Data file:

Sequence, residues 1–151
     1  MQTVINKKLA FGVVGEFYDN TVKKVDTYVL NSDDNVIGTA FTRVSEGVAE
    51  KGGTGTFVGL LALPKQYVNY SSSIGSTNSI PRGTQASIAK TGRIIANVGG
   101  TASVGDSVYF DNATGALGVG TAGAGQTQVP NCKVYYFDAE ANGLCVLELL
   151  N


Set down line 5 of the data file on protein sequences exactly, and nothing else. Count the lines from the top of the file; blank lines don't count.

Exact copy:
   151  N